That was the message two Provincetown, Massachusetts, theatre companies heard loud and clear recently when they decided to merge under the proposed new name The Provincetown Players. That title is not exactly new, of course. It was the name of the famed, if short-lived, troupe that gave the world Eugene O'Neill roughly 90 years ago. Local historians and artists were not happy about the presumption of the contemporary thesps—the Provincetown Theater Company, a 42-year-old community troupe, and the decade-old Equity outfit, the Provincetown Repertory Theater—in assuming such a weighted moniker. The boards of the two organizations bowed to local will and amended their name to read the New Provincetown Players. "We passed a motion that the word 'new' is integral to our name," said Howard Burchman, president of the Provincetown Theater Company, according to the New York Times. "So in case those people are confused and think we're Eugene O'Neill and Susan Glaspell, we've let them know that we are not."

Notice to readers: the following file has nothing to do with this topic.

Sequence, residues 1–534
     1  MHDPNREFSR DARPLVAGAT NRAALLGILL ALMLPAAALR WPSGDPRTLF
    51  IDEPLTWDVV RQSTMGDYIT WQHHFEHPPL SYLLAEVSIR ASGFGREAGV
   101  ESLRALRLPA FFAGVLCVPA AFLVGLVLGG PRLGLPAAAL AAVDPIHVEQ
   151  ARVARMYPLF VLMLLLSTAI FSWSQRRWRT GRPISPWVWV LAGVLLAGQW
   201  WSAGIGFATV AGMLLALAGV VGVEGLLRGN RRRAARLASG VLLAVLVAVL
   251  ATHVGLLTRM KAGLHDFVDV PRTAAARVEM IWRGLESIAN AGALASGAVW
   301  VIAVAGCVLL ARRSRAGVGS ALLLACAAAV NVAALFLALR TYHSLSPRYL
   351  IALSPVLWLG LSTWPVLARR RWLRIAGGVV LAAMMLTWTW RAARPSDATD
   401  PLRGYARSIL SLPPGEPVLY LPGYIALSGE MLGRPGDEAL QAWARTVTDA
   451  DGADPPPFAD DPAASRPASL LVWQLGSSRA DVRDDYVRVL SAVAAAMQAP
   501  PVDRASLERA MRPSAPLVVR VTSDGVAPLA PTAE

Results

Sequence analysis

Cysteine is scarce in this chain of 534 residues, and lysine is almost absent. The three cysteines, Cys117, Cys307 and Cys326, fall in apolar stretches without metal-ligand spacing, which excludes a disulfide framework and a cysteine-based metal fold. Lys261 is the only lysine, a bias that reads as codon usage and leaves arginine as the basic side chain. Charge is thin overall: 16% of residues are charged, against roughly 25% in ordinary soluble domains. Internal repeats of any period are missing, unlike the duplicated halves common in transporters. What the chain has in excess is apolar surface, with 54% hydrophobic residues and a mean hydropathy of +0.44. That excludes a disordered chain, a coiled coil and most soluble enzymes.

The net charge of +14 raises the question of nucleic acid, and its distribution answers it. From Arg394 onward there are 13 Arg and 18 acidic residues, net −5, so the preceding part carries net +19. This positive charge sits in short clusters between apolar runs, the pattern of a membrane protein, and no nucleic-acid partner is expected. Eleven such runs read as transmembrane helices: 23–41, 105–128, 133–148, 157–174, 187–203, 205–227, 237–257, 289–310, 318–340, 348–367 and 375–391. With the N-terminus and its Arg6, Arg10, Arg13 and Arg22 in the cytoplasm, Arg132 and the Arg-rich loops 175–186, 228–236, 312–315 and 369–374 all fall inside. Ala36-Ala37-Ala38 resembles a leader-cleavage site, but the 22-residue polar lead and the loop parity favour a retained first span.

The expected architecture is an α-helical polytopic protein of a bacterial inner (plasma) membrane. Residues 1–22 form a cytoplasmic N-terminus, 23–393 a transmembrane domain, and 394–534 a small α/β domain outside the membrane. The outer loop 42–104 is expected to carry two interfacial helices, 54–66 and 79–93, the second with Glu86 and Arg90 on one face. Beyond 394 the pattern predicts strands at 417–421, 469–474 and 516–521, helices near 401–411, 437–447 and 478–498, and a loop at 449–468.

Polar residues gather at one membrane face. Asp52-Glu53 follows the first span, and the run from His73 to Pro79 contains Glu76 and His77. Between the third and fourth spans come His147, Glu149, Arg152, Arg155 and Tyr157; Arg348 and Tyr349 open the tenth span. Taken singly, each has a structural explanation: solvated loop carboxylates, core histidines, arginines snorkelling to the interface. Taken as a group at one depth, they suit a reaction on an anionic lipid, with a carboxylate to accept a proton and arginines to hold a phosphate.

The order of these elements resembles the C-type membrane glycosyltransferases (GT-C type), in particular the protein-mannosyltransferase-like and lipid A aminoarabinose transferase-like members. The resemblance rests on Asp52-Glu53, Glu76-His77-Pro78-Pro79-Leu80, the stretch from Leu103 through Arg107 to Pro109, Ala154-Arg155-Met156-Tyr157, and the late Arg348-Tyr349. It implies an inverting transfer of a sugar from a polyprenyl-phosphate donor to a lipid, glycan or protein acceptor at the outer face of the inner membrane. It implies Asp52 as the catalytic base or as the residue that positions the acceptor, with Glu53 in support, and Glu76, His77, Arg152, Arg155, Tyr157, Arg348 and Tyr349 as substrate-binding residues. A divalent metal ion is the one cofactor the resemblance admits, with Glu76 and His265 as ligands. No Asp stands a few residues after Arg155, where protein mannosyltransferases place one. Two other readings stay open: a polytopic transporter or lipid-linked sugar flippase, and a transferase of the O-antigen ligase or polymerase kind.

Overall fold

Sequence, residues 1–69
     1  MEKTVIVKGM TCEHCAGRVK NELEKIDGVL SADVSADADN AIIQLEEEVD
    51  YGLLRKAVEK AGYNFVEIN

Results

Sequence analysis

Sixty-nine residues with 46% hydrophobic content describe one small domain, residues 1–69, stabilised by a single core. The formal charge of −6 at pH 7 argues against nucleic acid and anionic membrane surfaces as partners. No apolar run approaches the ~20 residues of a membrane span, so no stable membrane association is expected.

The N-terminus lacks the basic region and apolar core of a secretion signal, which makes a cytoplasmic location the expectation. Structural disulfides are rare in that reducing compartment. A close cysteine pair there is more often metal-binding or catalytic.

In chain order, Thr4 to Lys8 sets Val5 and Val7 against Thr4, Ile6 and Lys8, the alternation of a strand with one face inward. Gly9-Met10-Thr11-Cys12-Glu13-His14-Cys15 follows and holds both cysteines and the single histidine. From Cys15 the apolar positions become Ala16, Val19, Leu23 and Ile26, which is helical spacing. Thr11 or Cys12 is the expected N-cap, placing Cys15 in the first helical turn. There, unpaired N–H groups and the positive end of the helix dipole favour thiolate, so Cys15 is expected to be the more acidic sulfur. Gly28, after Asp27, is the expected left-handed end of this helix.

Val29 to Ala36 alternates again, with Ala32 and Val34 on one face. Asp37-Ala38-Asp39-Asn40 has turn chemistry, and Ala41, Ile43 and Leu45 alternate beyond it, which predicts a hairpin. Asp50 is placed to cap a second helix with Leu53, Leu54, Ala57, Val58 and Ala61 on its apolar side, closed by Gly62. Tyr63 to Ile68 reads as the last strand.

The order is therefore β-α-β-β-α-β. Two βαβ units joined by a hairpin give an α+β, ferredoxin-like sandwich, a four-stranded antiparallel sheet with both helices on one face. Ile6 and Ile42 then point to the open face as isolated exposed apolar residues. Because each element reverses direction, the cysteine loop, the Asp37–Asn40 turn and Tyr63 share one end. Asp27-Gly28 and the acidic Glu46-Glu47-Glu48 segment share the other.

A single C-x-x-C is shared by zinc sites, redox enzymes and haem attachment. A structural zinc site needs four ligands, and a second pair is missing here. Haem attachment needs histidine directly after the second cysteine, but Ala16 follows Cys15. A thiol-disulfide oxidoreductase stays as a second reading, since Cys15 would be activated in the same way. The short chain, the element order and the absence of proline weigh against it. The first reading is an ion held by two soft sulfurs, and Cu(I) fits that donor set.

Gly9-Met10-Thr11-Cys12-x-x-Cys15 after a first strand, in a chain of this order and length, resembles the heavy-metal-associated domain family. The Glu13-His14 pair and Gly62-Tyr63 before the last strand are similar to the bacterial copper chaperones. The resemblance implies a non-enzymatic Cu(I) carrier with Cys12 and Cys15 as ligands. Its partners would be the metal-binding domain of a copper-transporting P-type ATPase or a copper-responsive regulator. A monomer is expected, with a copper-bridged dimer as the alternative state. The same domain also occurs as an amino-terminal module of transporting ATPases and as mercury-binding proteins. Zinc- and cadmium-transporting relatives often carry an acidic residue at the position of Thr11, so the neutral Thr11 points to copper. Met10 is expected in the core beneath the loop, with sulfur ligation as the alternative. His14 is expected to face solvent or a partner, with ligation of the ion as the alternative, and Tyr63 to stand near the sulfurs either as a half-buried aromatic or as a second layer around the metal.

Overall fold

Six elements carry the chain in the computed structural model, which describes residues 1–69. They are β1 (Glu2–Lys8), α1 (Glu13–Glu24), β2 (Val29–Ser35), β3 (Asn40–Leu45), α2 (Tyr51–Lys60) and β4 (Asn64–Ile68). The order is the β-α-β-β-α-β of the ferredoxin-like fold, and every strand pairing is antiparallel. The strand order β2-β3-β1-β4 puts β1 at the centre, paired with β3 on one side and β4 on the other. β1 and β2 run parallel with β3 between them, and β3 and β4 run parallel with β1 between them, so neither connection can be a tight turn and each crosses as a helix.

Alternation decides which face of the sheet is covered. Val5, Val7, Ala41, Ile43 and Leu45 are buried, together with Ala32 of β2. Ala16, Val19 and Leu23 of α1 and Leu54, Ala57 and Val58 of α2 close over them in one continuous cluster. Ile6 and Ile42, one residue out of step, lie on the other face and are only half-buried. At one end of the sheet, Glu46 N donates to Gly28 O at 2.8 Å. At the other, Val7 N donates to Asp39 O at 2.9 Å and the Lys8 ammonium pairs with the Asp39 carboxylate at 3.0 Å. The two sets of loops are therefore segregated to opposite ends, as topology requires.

Though the original Provincetown Players flourished at the tip of Cape Cod for a mere two summers, the artistic waves they stirred up rippled through the 20th century. The bohemian outfit of American actors and playwrights was founded in 1915 by the mercurial, Greek theatre-revering George Cram Cook and his playwright wife Susan Glaspell. The next summer, they produced their greatest effect through the production of Bound East for Cardiff, a one-act by a local beachcomber with literary ambitions named Eugene O'Neill. The work was famously staged on a foggy night on Lewis Wharf. The next year, the group moved to Greenwich Village.